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There are three variables with the following types

 uint64_t old_addr, new_addr;
 int delta;

and I want to do this assignment

 new_addr = old_addr + delta;

However the problem is, when old_addr=915256 and delta=-6472064, the new_addr becoms 18446744069414584325

to fix that I have to check some things:

 if ( delta < 0 ) {
if ( old_addr < abs(delta) )
   new_addr = 0;
    else   
       new_addr = old_addr + delta;
 }

Is there a better and efficient way?

share|improve this question
    
I hope there is an else before the second new_addr... Otherwise you return to the original problem :-) – xanatos Mar 9 '12 at 8:49
    
right.... edited the post – mahmood Mar 9 '12 at 8:54
    
Given that you've called these variables _addr, are they memory addresses? If so, you should be using intptr_t (which is signed) and ptrdiff_t for delta. – Fred Foo Mar 9 '12 at 14:49
up vote 2 down vote accepted

The question is what values old_addr and new_addr can take. And why they are uint64_t, rather than simply int. The simplest expression would be:

new_addr = old_addr + std::min( delta, -static_cast<int>( old_addr ) );

, but if old_addr can be greater than INT_MAX, this won't work. Otherwise, the rules of mixed signed/unsigned arithmetic in C/C++ are such that you're probably safest using explicit ifs, and not risking any mixed arithmetic before being sure of the values.

And note that on most machines, abs( delta ) will still be negative if delta is equal to INT_MIN. To correctly handle all of the cases, you'ld need something like:

if ( delta > 0 ) {
    new_addr = std::numeric_limits<uin64_t>::max() - delta > old_addr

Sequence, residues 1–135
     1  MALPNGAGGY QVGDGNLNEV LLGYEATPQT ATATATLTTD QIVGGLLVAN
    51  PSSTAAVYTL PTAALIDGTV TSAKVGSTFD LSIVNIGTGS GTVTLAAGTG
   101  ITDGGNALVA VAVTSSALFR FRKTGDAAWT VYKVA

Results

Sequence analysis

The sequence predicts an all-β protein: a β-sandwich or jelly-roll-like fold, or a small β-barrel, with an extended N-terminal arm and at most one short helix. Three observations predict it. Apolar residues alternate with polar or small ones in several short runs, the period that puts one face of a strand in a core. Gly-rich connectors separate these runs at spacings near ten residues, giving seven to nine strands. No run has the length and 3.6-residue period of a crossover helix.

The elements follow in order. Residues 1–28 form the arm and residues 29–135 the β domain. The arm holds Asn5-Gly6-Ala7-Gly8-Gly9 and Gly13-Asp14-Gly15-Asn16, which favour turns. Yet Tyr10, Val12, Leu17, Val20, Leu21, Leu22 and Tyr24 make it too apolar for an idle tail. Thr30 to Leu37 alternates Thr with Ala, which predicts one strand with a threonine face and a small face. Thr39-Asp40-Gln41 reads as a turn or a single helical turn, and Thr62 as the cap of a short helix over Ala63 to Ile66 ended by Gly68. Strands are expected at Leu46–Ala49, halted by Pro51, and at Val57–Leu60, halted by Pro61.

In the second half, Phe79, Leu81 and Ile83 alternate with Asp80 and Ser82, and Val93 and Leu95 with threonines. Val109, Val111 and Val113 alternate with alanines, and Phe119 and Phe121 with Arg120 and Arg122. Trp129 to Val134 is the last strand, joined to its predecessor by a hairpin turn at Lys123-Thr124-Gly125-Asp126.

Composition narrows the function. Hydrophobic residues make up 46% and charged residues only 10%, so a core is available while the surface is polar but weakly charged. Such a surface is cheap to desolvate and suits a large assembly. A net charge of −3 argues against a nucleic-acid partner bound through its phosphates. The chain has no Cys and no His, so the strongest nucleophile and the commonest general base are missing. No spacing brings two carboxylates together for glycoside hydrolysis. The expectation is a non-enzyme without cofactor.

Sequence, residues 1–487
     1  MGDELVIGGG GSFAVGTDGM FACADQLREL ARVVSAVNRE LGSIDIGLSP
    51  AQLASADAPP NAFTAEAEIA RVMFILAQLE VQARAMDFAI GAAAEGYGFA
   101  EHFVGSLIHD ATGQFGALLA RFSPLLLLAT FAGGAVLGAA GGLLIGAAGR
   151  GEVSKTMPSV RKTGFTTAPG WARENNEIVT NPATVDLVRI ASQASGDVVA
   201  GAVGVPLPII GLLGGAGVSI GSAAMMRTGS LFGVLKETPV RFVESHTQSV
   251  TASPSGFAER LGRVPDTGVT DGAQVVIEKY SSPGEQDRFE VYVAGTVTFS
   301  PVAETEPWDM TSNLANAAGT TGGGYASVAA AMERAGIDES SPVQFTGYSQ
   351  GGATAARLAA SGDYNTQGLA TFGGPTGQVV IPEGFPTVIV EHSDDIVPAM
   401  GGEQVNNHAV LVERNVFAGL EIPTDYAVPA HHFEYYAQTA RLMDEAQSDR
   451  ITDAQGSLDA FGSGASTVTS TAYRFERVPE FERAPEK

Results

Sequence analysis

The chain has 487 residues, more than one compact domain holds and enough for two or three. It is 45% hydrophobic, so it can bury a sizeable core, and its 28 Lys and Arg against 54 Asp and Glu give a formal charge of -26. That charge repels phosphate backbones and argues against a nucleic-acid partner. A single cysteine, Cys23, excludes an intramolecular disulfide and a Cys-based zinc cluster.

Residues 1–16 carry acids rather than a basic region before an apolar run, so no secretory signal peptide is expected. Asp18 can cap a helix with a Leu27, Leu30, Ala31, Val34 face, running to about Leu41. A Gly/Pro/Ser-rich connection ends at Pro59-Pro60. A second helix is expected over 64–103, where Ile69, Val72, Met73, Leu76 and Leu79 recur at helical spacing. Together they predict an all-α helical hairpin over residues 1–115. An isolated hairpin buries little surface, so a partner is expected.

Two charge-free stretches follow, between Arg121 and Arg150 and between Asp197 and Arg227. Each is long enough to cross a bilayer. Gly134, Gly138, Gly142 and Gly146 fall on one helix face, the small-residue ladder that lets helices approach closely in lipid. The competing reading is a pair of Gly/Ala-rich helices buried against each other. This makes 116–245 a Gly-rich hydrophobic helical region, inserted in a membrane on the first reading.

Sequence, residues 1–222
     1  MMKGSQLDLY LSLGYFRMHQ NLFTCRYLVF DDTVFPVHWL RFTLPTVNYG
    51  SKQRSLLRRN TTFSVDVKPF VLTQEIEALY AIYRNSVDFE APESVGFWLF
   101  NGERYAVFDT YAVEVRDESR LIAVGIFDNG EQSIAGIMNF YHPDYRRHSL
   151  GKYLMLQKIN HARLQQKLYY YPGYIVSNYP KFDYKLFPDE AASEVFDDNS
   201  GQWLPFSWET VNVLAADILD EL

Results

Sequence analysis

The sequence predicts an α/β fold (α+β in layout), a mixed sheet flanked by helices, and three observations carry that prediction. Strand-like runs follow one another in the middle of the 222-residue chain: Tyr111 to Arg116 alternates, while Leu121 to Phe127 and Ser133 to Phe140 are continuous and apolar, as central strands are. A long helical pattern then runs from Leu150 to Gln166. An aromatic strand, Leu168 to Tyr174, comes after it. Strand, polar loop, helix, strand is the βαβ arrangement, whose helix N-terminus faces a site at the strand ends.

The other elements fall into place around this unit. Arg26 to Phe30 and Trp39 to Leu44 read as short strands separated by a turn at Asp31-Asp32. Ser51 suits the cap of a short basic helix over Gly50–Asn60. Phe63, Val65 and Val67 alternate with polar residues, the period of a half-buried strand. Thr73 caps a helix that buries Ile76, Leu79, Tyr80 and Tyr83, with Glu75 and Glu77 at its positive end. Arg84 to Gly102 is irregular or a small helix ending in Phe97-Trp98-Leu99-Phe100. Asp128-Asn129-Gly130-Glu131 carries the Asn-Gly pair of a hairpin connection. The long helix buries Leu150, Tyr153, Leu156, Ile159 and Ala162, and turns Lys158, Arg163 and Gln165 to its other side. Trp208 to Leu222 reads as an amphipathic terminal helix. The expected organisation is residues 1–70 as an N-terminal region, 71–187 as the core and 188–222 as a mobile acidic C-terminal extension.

?   old_addr + delta
            :   std::numeric_limits<uint64_t>::max();
} else if ( delta < 0 ) {
    new_addr = old_addr != 0 && -(delta + 1) < old_addr - 1
            ?   old_addr + delta
            :   0;
} else {
    new_addr = old_addr;
}

(Just off the top of my head. There could easily be an off by one error in there.)

share|improve this answer

This is called saturated addition, and some processors have special machine instructions for that. You could extract that code into an inline function, and depending on the target execution environment, use the machine instruction.

Instead of abs(delta) you can simply write -delta, since you already know that delta < 0.

share|improve this answer
    
but I have to be sure that old_addr is smaller than absolute value of delta. Otherwise, the saturation addition can not be detected – mahmood Mar 9 '12 at 8:53
    
Neither abs(delta) nor -delta work if delta == MIN_INT. At least on a twos complement machine. – James Kanze Mar 9 '12 at 9:13

This code is very simple and takes care of overflow in both directions.

#include <assert.h>
#include <inttypes.h>
#include <stdint.h>

static uint64_t saturated_add(uint64_t a, int delta) {
  uint64_t result = a + delta;
  if (delta < 0 && result > a) {
    return 0;
  } else if (delta > 0 && result < a) {
    return -1;
  } else {
    return result;
  }
}

int main() {
  assert(saturated_add(915256, -6472064) == 0);
  assert(saturated_add(100, -99) == 1);
  assert(saturated_add(100, -100) == 0);
  assert(saturated_add(100, -101) == 0);
  assert(saturated_add(UINT64_C(0x1111222233334444), -0x33334445) == UINT64_C(0x11112221FFFFFFFF));
  assert(saturated_add(-5, 6) == UINT64_C(-1));
  assert(saturated_add(-5, 5) == UINT64_C(-1));
  assert(saturated_add(-5, 4) == UINT64_C(-1));
  assert(saturated_add(-5, 3) == UINT64_C(-2));
  return 0;
}
share|improve this answer

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